The Turkey Trot Meme Won’t Die. Why?
In for 2022: pilates, flared leggings, tinned fish, reproductive rights. Out: skinny jeans, burnout, thumbs-up emojis, and . . . turkey trots?
In reality, it’s been quite a few years since “Families Who Turkey Trot” became the butt of the joke, though it’s hard to know where or when precisely the trot-bashing started. It very well may have been this viral 2017 tweet that declared, “One of my biggest fears is that I’ll marry into a family that runs 5ks on holidays,” and was retweeted more than 9,000 times. Five years later, the sentiment is still going viral, just on TikTok.
But a better question than “when” is “why?”
Does Gen Z just hate cardio? Are turkey-printed leggings just too close to cheugy territory? Or is this part of the general contempt for healthy-lifestyle overachievers? You know, the way you kinda want to punch people who throw their “I woke up at 5 a.m. to work out, dream journal, and make a three-course breakfast before work” in your face over coffee. (They’re probably drinking mushroom coffee, though.)
The disdain for turkey trotting is understandable if you’ve ever been forced to attend: waking up early to run, walk, or volunteer at a race, during potentially freezing temps and after one of the biggest bar nights of the year can be absolutely goddamn miserable. Even worse if you’re stuck doing it blindingly hungover and with your in-laws. But if you want to be there, or are willing to just open your mind to the experience, turkey trots can be pretty fun. At the very least, they’re not worthy of the scorn they seem to inspire.
These races are an excuse to dress up in a goofy costume (the ultimate kind of dopamine dressing), connect with your family, friends, and community, and get outside and move. For many people, approachable races like turkey trots are the perfect goal or motivation they need to start walking, running, or training consistently. A few miles in a drumstick headband can be a gateway race to falling in love with running or exercise in general.
Even if you show up to jog or stroll the miles with no prep – and no plans to continue doing so after the holiday – you’ll get all the stress-relieving, mood-boosting benefits of doing a little cardio outside. (Who doesn’t need that before hours with your extended family?) At the very least, a turkey trot offers an ideal moment to practice gratitude for the fact that you’re alive and can move, in whatever way gets you across the finish line. Only spectating or volunteering? You still get to delight in the absolute circus of people attempting to run in turkey, fork, or pilgrim outfits.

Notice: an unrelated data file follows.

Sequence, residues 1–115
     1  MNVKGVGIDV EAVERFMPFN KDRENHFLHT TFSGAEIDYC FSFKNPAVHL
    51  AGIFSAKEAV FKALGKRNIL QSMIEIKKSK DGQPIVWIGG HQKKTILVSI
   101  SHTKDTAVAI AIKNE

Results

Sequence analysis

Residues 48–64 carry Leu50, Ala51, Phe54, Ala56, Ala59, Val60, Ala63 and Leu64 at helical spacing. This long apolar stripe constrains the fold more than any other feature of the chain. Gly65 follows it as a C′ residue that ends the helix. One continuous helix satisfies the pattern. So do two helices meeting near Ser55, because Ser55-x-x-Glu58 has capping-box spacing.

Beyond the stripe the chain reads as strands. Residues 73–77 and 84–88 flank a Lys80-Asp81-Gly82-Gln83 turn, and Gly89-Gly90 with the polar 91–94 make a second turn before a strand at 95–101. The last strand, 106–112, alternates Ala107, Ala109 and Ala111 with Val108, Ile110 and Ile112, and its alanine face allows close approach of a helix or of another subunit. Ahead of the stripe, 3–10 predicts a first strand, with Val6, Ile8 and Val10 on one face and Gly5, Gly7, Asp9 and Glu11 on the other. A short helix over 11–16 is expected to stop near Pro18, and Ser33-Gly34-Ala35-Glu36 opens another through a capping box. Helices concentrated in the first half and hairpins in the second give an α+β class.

Even more ~elite~ runners (some of whom have taken to making fun of turkey trotters the same way black-diamond skiers rag on Jerries) can take something positive from the experience: it’s the perfect nudge competitive runners might need to release any pressure or expectations and rekindle the joy that brought them to the sport in the first place.
Plus, you might get an apple cider donut, some hot chocolate, or a beer at the end. What’s not to love?
There’s one beef people have with turkey trots that I can absolutely get on board with, and that’s the fact that too often, they’re presented as a whole to “earn your food” before a Thanksgiving meal. That’s not OK, to say the least. Exercise shouldn’t ever be used to “balance” or “earn” food, and no one ever needs to feel guilty for something they eat. Diet culture has tried to horn in on the tradition, and it has no place there. Really, the original turkey trot had nothing to do with burning calories. Most sources point to the 1896 YMCA Turkey Trot in Buffalo, NY as the first established race of its kind, with just six competitors – yes, “competitors,” not “trotters” – in its inaugural year. It was a real running race, created for sport, not for calorie burn.
Since that 1896 Thanksgiving Day, turkey trots have lost some of their competitive edge and become a simple and silly celebration of the holiday and of movement – a tradition to share with loved ones, much like watching a parade. The same way that you should be able to happily eat whatever you want later, turkey trotters should be able to run a 5K if and however they please. (And for the record, if your parents or in-laws are forcing you, that’s a them problem, not a turkey trot problem.) These runners are out there dressed like food, running for endorphins, camaraderie, and a cheesy finishers medal, and you want to take that away from them?
Just don’t yuck someone’s yum – it’s scrooge-y, troll-y, and a joy stealer – especially on Thanksgiving.